This yearly event first began in 2015 and has since served as proof of Russia's so-called "Pivot to Asia" given the prominence that it's achieved in the years since. The forum always sees the participation of high-profile guests from the Asia-Pacific region and serves as a platform for President Putin to hold bilateral talks with his counterparts. This year will be no different as the Presidents of China and Mongolia will be in attendance, as will the Prime Ministers of South Korea and Japan.
These four countries, as well as Eurasian Economic Union partner Vietnam and Russia's decades-long partner India (both of whom are sending delegations to Vladivostok), have shown an increased interest in investing in Russia's resource-rich and geostrategic Far Eastern Region, which has traditionally lagged behind all other parts of the country in terms of its development. That's actually one of the reasons why President Putin originally thought of creating the forum in order to encourage these up-and-coming nations to establish a stake in the Far East's success and cordially compete with one another in order to rapidly integrate it into the larger Asia-Pacific region.
Whether it's through resource extraction deals, the establishment of connectivity corridors, municipal infrastructure investments, or the construction of factories, there are plenty of opportunities for other countries to profit from the Russian Far East, especially since Moscow recently implemented a relaxed visa regime for the region and is spearheading several Special Economic Zones there. Earlier this year Russian Deputy Prime Minister Yury Trutnev noted that these preferences were largely responsible for foreign investors committing over $63 billion to the region so far, which to put it in perspective is roughly the same amount that China just said that it'll provide to Africa in grants, loans, and investments.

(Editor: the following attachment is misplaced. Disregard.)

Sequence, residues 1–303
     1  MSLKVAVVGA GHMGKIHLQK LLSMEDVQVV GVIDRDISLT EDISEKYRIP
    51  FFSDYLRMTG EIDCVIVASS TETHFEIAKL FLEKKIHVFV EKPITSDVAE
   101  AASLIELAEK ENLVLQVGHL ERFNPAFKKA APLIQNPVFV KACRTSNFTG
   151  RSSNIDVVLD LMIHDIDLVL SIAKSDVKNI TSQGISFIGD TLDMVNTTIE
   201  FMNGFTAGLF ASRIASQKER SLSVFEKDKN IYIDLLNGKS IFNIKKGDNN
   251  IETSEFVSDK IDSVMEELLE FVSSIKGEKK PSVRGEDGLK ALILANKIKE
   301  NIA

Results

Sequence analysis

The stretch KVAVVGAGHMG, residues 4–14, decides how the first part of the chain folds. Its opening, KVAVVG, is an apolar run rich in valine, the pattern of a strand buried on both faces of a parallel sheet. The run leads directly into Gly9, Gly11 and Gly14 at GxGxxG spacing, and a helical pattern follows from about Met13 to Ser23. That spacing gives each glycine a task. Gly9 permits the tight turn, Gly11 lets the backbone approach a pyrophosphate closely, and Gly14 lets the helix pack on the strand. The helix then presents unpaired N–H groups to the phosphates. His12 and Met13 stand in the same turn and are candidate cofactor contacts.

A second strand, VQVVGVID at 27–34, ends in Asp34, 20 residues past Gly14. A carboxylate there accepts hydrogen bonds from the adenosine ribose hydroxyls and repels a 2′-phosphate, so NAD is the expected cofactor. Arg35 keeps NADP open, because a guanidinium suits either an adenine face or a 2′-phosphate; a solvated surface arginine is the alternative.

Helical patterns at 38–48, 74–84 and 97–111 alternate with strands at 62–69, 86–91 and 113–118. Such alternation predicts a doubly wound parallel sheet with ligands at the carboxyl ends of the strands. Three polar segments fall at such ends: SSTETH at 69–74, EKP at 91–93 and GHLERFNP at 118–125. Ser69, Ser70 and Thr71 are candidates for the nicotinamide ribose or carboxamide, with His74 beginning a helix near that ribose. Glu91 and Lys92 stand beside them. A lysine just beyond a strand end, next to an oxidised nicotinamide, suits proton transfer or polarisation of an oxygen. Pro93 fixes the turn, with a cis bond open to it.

Judging from the past three years, the upcoming Eastern Economic Forum is expected to build upon the success of its predecessors and continue laying the foundation for Russia's rise as an Asia-Pacific power.
Andrew Korybko is joined by Dong-uk Gwak, student from the Hankuk University of Foreign Studies' Graduate School of International Area Studies majoring in the study of Russia & the Commonwealth of Independent States (CIS), and Ray Hosseini, political commentator. Ray is half-Japanese & half-Iranian and currently resides in Tokyo.
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